Representatives Brad Wenstrup, R-Ohio, and Tom Suozzi, DN.Y., both of whom sit on the Ways and Means Committee, circulate a letter, which has not been made public, to HHS, Labor and the Trésor who will urge them to revise the rule to say that the arbitrator should consider all the factors outlined in the law, rather than focusing on the network median rate.
These concerns echo complaints from hospitals and physician groups who fear the surprise billing regulations could hurt their business model. Shortly after the rule was published, the Federation of American Hospitals called the rule a “total error” and the American Hospital Association called it a “boon to insurers.”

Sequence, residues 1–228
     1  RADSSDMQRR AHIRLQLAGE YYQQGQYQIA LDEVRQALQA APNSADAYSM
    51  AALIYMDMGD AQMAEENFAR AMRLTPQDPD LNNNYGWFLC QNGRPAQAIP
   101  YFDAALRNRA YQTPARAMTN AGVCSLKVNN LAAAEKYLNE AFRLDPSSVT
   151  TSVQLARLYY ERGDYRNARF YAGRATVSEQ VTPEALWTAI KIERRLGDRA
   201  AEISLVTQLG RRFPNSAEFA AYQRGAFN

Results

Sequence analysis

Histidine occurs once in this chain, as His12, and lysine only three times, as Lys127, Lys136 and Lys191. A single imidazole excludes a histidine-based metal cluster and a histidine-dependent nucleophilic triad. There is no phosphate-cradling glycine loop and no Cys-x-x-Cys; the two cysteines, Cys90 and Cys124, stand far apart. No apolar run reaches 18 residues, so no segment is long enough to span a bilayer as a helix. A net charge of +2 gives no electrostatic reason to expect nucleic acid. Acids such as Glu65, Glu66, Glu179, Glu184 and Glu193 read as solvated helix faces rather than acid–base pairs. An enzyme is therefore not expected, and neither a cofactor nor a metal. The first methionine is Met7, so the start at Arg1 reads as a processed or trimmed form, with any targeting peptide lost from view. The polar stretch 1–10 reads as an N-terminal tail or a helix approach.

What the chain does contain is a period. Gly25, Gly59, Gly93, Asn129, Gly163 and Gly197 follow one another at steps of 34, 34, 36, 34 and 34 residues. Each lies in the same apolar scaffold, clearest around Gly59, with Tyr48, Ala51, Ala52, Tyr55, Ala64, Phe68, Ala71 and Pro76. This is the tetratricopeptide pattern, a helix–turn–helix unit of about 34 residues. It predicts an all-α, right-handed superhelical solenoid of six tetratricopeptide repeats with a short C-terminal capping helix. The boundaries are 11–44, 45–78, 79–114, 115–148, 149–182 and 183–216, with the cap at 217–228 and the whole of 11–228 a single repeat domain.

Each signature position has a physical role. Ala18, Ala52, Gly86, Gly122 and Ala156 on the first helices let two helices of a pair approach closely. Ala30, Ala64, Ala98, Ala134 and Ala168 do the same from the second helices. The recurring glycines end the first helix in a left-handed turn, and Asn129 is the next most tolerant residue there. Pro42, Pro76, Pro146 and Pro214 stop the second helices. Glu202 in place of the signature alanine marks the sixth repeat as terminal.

“The process put in place by the agencies fails to create an impartial and fair dispute resolution system – this will likely lead to consolidation in the health care market, threatening patients’ access to care,” said Carole Allen, President of the Massachusetts Medical Society. in an email.
The American Medical Association went further and asked the Biden administration to delay implementation of the rule.
Senator Maggie Hassan, DN.H., who has partnered with Cassidy on surprise billing legislation and advocated for an approach that does not place median network rates at the center of the arbitration process, is not affected by the September 30 rule. Unlike Cassidy, Hassan says the law aligns with the intent of Congress. Hassan says the most important thing is to make sure Americans are protected from surprise medical bills.